Facebook’s advertising chief, David Fischer believes the skills needed to succeed in marketing today will continue to be vital for the marketer of the future as they strive to keep up to speed with the channels their audiences are moving towards.
Fischer, Facebook's vice president of advertising and global operations, spoke to The Drum as part of its Marketer of the Future series, where he offered his view on what the role of the marketer will become.
He cited the ongoing need to understand exceptional storytelling and said that the role will continueto have commonality with how it functions today, as long as marketers adapt to "the ways" and "the places" that storytelling is done and the channels where their consumers can be found.
“Look at the shift happening today ... Stories and that new format is becoming really important, creating short-form video content – which is really different from the traditional 30-second TV commercial that so many people are used-to as a currency and is the way that many people start with great storytelling around brands – that transfer of information will evolve," he said.
He also predicted that the use of augmented reality and virtual reality would be two growing technologies that marketers will need to have a greater understanding of if they want to create more compelling stories that engage consumers.
The rate of change in consumer behavior was what Fischer believed was proving most challenging for marketers, and keeping up to speed with technology and evolving new platforms.
“On the one hand it can be intimidating, and it can be scary, because when you are dealing with new platforms and new opportunities there may not be a playbook as to ‘here is exactly how to do it perfectly.’ The only thing worse than not jumping is sitting on the side-lines and not engaging consumers where they are," he continued.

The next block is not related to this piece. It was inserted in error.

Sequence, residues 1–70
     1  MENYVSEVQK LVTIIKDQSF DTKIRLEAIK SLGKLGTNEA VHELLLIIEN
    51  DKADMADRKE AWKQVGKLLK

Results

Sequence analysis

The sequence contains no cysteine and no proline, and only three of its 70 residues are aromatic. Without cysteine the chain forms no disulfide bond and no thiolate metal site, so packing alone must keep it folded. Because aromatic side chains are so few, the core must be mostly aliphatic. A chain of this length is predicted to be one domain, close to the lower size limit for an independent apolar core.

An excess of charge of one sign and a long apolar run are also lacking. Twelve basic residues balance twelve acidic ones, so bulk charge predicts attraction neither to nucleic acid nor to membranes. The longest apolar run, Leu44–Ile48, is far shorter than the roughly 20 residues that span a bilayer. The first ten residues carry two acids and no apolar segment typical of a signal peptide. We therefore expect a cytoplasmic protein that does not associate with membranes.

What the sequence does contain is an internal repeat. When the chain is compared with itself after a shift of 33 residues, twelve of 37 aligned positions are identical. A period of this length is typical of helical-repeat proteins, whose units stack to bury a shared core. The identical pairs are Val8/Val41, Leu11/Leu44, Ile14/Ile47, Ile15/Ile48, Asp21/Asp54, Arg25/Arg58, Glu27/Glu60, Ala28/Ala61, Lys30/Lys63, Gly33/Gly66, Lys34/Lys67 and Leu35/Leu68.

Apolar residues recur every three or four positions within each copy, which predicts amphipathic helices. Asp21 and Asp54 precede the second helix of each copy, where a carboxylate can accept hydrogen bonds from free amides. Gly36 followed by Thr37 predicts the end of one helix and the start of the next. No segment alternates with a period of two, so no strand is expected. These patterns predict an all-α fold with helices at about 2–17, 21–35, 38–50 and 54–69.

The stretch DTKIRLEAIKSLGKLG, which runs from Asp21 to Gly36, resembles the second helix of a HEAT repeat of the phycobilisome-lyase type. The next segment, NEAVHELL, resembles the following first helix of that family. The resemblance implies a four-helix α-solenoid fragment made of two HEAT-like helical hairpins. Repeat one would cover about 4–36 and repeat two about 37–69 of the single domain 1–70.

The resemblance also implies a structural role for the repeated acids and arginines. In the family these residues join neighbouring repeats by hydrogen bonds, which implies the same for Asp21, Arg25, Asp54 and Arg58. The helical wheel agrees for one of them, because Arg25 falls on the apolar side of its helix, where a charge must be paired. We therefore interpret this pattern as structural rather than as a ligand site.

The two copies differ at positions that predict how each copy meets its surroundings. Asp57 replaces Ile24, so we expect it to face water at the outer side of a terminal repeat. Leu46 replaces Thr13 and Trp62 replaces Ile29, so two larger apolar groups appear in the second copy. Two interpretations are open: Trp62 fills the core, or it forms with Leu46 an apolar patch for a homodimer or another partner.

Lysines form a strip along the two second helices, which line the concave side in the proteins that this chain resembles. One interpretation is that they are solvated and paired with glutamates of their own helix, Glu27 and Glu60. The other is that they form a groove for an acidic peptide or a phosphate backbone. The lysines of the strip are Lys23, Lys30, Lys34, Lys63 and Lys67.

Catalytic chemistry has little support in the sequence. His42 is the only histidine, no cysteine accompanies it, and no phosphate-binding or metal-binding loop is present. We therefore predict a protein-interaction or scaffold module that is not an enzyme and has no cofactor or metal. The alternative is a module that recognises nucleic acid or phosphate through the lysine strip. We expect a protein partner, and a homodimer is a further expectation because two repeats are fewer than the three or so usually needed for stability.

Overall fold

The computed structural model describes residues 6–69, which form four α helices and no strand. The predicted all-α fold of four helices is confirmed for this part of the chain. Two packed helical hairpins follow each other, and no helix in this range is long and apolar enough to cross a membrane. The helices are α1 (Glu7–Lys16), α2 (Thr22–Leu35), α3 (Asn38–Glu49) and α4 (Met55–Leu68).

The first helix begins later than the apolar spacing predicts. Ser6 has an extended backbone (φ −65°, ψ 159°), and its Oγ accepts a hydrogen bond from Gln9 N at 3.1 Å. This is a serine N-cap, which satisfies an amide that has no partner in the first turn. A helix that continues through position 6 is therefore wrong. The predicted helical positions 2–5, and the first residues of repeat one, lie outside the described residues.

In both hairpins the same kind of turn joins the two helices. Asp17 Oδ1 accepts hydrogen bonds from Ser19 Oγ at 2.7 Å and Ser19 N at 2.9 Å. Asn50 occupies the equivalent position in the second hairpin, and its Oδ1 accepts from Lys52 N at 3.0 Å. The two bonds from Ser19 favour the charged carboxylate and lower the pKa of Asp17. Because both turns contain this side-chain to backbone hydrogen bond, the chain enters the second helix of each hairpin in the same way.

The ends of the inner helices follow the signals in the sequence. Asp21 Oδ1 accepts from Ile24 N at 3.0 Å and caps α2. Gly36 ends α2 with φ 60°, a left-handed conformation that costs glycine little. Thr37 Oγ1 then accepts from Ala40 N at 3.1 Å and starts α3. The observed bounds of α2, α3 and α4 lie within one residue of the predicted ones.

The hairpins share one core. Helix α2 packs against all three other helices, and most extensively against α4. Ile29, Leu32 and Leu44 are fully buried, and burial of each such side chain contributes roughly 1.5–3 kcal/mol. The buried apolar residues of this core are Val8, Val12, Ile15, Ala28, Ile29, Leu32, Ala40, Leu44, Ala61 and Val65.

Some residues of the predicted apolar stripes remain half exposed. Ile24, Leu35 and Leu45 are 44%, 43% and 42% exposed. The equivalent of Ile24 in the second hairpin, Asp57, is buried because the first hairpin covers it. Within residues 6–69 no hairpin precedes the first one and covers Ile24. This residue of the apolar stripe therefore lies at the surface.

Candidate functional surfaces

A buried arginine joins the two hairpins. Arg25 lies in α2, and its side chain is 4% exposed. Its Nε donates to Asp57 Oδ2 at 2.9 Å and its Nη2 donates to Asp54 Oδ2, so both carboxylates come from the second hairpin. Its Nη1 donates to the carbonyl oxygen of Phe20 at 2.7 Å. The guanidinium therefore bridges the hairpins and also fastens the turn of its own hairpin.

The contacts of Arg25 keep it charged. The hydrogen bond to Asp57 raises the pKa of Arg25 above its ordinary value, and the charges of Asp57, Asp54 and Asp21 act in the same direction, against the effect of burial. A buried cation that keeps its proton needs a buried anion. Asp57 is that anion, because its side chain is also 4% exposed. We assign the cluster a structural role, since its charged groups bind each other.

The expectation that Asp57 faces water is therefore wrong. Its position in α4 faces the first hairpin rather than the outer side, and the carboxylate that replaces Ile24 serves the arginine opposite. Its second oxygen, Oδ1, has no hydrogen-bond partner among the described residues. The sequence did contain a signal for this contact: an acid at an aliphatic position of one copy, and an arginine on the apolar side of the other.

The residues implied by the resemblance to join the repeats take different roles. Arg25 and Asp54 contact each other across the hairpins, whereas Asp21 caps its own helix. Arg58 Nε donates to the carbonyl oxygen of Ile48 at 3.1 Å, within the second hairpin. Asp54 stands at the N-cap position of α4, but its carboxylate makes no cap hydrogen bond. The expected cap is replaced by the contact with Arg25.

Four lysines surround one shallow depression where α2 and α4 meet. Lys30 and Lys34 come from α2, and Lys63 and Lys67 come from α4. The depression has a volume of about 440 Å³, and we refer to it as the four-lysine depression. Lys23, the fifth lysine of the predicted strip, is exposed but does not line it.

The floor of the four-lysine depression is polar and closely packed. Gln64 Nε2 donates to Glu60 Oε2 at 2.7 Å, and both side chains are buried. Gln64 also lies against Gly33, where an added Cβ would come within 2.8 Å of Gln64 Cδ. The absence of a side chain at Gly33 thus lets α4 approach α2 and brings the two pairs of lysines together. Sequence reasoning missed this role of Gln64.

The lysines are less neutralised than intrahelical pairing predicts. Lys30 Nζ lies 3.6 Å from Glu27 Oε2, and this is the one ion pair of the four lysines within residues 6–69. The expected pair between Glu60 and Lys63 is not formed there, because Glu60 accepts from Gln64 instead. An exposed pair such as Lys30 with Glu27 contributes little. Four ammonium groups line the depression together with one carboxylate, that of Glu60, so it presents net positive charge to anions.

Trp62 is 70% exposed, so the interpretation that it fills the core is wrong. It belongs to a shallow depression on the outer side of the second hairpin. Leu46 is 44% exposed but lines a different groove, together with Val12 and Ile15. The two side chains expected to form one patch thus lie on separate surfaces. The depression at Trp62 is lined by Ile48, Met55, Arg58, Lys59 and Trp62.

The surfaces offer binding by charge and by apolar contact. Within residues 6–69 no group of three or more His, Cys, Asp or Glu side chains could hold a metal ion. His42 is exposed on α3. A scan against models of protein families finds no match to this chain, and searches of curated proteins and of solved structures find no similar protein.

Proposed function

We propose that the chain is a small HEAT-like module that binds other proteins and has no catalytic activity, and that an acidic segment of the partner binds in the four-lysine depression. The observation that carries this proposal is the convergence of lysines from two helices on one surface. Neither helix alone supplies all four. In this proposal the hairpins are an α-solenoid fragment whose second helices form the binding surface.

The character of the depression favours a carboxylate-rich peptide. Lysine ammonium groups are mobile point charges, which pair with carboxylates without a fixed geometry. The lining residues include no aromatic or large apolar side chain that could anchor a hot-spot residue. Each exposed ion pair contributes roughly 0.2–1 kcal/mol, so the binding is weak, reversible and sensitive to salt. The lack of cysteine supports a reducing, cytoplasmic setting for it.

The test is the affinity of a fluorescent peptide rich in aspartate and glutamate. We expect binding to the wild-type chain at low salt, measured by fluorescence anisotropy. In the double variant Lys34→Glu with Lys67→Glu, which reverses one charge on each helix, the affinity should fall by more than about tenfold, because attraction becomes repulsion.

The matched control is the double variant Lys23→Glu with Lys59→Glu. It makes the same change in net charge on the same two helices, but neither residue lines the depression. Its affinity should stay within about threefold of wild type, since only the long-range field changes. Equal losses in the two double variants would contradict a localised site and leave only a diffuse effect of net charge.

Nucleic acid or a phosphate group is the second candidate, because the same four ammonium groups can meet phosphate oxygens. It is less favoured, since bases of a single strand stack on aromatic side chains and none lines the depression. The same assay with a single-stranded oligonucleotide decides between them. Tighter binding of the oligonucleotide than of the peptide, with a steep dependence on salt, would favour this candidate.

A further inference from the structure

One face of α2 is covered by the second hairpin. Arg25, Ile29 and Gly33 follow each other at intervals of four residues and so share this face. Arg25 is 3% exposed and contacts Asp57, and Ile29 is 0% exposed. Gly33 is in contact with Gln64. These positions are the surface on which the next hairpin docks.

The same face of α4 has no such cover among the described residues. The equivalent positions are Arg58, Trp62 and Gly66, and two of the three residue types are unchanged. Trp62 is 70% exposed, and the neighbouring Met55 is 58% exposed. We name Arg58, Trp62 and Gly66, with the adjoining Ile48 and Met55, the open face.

"One of the things we sometimes say to our partners is ‘if you think change is hard then try irrelevance’ and that is one of the dynamics that we have to face; experimentation and risk are uncomfortable but they are a lot better than sitting on the side-lines and letting risk keep you the opportunity to connect with people and to build your brand and to build your businesses.”
Fischer concluded by advising marketers who are only now embarking on their careers or who have yet to begin to find a business or sector to work in that they love.
“Marketing is an incredible discipline, it an incredible career but there are lots of different parts of it; I know this is true for me and it’s true for everyone I’ve met, do your best in the environment you really love; whether it’s creative or on the media or planning side, figure out what you love and then learn that craft but always keep an eye on where consumer behavior is going because that is where you are going to want to reach people.”
Further entries to The Drum’s Marketer of the Future series can be found here.